Color calibration should definitely be an essential part of every photographer’s workflow. Otherwise, it is impossible to tell whether the colors that are displayed by your monitor are truly accurate and whether what you see will match the print. There are many ways to do it and the process can be fairly simple or complex, depending on how accurate you want to reproduce the colors and whether you are also printing your work in-house. The simple method involves a hardware colorimeter for color profiling your monitor for everyday photo editing and image viewing, and there is also an end-to-end professional-grade color profiling that requires very concise calibration of all display and output devices, such as printers. In this article, I will only focus on simple methods to make your monitor show more or less accurate colors, so that you could rely on it for everyday photography needs.
1) Why is Color Calibration Important?
One of the big misunderstandings about color calibration, is that people think that it is only needed for printing. Wrong! It is needed for everything – from viewing your and other people’s work, to processing your own images in Adobe Photoshop, Lightroom or any other software. If your monitor is not properly color calibrated, you are most likely not seeing everything in images you view. For example, a smooth and beautiful sunset might appear as pale, and a black and white picture might appear too dark or too bright.
I personally did not pay much attention to color calibration for a long time and I suffered greatly as as result. At the time, I produced very inconsistent work, because I was looking at wrong colors during post-processing. My images often ended up with over-saturated colors and strange tones, and having no idea about things like ICC color profile, I would often end up stripping all the metadata from my images, including those color profiles. One day I had a chance to view my images on a color-calibrated computer and after seeing how bad the images looked, I realized that it was time to change. At first, I thought that perhaps I could use some free color calibration tools that were already built into my operating system in order to get more accurate colors. I did not see how I could justify spending a few hundred dollars on a colorimeter, when my monitor cost me that much money in the first place. However, over time, I realized that selecting a proper monitor and color calibrating it was critical, especially if I wanted my photography to be taken seriously. Thankfully, once I had a proper setup, I was able to go back and re-process my images. I am glad I did not wait too long, because starting from that point of my career, I was able to produce solid work that looked consistently good.
If you have never properly calibrated your monitor in the past, you will be shocked to see how different your and other people’s images will look after proper calibration, especially if you have a lower-end monitor. Thankfully, good colorimeters make it very easy to calibrate any monitor – as you will see from this article and the accompanying video further down, it does not take a long time and does not require any technical knowledge.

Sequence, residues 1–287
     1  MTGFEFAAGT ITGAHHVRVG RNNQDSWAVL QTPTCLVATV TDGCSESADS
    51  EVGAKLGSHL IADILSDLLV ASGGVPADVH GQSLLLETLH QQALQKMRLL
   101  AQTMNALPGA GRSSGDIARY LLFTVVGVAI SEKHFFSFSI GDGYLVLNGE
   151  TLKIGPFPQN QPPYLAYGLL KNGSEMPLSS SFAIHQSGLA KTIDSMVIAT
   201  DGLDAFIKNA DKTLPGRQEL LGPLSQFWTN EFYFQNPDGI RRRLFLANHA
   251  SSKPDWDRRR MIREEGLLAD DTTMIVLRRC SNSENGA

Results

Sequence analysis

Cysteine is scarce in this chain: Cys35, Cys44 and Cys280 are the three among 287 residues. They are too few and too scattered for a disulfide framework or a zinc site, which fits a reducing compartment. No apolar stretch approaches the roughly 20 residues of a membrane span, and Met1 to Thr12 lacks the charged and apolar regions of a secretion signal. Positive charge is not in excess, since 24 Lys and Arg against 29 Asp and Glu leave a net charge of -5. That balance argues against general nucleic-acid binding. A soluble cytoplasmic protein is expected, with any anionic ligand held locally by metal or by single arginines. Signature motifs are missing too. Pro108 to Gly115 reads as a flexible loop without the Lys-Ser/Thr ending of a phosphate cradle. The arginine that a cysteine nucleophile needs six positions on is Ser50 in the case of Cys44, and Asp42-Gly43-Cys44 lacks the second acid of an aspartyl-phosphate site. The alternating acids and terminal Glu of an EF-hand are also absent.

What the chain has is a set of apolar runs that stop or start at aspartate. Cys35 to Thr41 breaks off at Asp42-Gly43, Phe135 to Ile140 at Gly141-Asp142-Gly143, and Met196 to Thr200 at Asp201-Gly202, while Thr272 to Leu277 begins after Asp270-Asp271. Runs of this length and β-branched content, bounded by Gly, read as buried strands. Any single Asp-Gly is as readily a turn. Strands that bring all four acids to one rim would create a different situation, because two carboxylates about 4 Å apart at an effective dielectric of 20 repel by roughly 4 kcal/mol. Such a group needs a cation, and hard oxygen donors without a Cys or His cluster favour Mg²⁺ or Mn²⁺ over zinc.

2) What Kind of Monitor Do You Have?
Without a doubt, your choice of a monitor is very important for accurate color reproduction. If you purchased a monitor for under $300-400 dollars, it most likely comes with a “TN” or “Twisted Nematic” panel that cannot accurately display colors due to limited color gamut and dithering, and might not have a good viewing angle. That’s because such monitors were never designed for color critical work in the first place – they are consumer-grade monitors designed for basic computing, gaming and other needs. While we have already provided our recommendations on best monitors for photography, if you would like to identify the type of monitor you are using for viewing and editing photographs, take a look at this article and see what you have today. Perhaps you have a solid monitor worth calibrating, or perhaps it is time to upgrade to something better. It is important to have a reliable monitor for color calibration, because cheap consumer-grade monitors might shift their colors and brightness levels from time to time, potentially making color calibration less accurate and effective overtime. Therefore, if you have one of those cheap monitors and do not want to be plagued with inaccurate colors and tones, I highly recommend replacing it with a better monitor.
3) Visual vs Hardware Calibration
When it comes to color calibration, you will find plenty of free and commercial tools that will allow you to calibrate your monitor via software-only visual comparisons, or by using a hardware colorimeter. One of the free tools might come as part of your operating system and is usually available for both Windows and Mac platforms. For example, Microsoft’s “Display Color Calibration” is part of all the recent Windows operating systems such as Windows 10, which allows you to adjust your monitor’s gamma, brightness and contrast, and even color balance:
While it might sound like a good idea to use such tools to calibrate your monitor, aside from perhaps setting the gamma setting, all other adjustments are potentially very dangerous and that’s for one simple reason – you cannot use your own eyes to adjust colors, brightness or contrast, because it is all very subjective. People’s perception of color in particular is very different and for that reason alone, it is not worth touching these built-in or free tools you might find online to calibrate your monitor. And if you think you can just sit down with a color chart and do side-by-side comparisons and adjustments, good luck with that process, as it will never work, since even the type and quality of the paper are going to make it impossible to make proper comparisons with your monitor that is most likely backlit.